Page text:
CONCHO, Okla. - Darren Black Bear and Jason Pickel hadn't even planned to send invitations to their upcoming wedding. They're small-town people, they said, and planned an intimate, no-frills celebration of their love. "I intended to tell people, 'Hey, we're getting married. Come on down and have dinner,'" Pickel said, laughing. Then, during an interview in his Oklahoma City apartment, his cellphone vibrated: yet another media request. And then came another. Since word about their upcoming nuptials spread, Pickel and Black Bear have been thrust into the spotlight over one of the most hot-button issues in this state.
October 24, 2013 |
There is no civil rights movement in the country's history that has moved further, faster than the gay rights movement. In 1958, more than nine in 10 of those surveyed in a Gallup Poll opposed marriage between blacks and whites. It took nearly 40 years until a majority of those asked said marriage between people of different skin colors was acceptable. By contrast, in less than 20 years, attitudes toward same-sex marriage have shifted dramatically. By 2012, half or more agreed, in a series of questions posed by Gallup, that “being gay is morally acceptable, that gay relations ought to be legal and that gay or lesbian couples should have the right to legally marry.
CALIFORNIA | LOCAL
October 23, 2013 |
On the Venice Boardwalk, the pot hawkers come at you like carnival barkers. In their green scrubs, armed with business cards, they beckon passersby to enter their narrow shops. “Do you have a headache? A backache? Come on in, our doctor is very high quality,” a green-clad barker said. “Do you have cancer, anorexia, AIDS, chronic pain, glaucoma, arthritis, migraine, insomnia or depression?” If you did, you were in luck. The doctor was in. The doctor is always in. Tuesday, I visited the Green Doctors, a hole-in-the-wall storefront next to Jody Maroni's Sausage Kingdom, where 40 bucks gets you a physician visit, and 25 bucks more gets you a medical marijuana card, the only legal way to buy pot in California.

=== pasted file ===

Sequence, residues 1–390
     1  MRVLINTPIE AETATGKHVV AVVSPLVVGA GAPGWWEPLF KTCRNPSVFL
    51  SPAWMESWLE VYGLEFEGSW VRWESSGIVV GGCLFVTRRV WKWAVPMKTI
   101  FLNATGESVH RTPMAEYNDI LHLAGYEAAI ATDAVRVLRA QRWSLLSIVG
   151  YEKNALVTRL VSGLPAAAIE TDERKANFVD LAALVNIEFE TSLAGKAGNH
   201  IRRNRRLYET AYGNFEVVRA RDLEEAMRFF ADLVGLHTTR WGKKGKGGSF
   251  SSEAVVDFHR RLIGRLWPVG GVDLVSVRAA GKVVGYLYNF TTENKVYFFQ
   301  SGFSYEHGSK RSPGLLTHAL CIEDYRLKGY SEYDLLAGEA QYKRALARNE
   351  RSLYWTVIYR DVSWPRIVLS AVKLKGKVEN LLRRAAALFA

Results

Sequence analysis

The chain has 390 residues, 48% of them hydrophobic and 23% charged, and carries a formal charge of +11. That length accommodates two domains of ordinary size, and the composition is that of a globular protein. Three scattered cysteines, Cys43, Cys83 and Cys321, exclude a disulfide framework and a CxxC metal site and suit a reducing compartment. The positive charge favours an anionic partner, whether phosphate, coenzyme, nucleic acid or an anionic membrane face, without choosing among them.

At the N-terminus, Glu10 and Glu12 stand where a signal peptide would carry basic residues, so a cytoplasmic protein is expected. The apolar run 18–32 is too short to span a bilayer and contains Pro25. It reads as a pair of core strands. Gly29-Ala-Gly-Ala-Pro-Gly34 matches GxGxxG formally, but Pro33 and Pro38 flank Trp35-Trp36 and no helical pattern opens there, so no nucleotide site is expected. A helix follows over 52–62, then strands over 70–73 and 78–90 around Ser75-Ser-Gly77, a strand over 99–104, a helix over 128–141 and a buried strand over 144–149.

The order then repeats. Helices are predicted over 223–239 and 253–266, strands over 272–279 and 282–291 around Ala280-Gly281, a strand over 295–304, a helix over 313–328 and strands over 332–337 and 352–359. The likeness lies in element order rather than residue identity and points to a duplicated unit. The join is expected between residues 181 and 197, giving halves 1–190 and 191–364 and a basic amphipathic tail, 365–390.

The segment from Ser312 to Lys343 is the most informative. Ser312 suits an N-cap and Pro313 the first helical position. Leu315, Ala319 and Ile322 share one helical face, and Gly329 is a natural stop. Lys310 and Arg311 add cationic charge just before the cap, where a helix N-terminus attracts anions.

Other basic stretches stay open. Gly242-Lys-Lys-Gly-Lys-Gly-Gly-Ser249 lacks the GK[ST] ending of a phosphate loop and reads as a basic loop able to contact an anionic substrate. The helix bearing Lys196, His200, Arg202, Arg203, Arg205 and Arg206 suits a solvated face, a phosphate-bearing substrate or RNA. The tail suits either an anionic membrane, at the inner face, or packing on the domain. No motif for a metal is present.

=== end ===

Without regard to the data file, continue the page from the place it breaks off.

October 21, 2013 |
When you're an all-but-declared candidate for president, everything you do will be viewed through the prism of 2016. So the decision Monday by New Jersey Gov. Chris Christie to drop a legal challenge to same-sex marriage ensures bucket-loads of analysis by those skipping past his all-but certain reelection next month and peering ahead to an anticipated White House bid starting not long after. The state Supreme Court ruled last week that same-sex couples could be legally wed starting Monday; the first ceremonies were held at 12:01 a.m., making New Jersey the 14 th state in the country to recognize same-sex marriage.
October 21, 2013 |
New Jersey Gov. Chris Christie backed away from a court fight over same-sex marriage Monday, a move that further staked his place near the political middle ground at a time the country seems irretrievably divided into warring camps of right and left. The Republican governor's decision not to appeal a state Supreme Court judgment represents a gamble for his expected presidential effort: that in 2016 - after successive losing campaigns and a politically disastrous government shutdown - a majority of Republican primary voters will be willing to forsake ideological purity for a more pragmatic (and, some suggest, winning)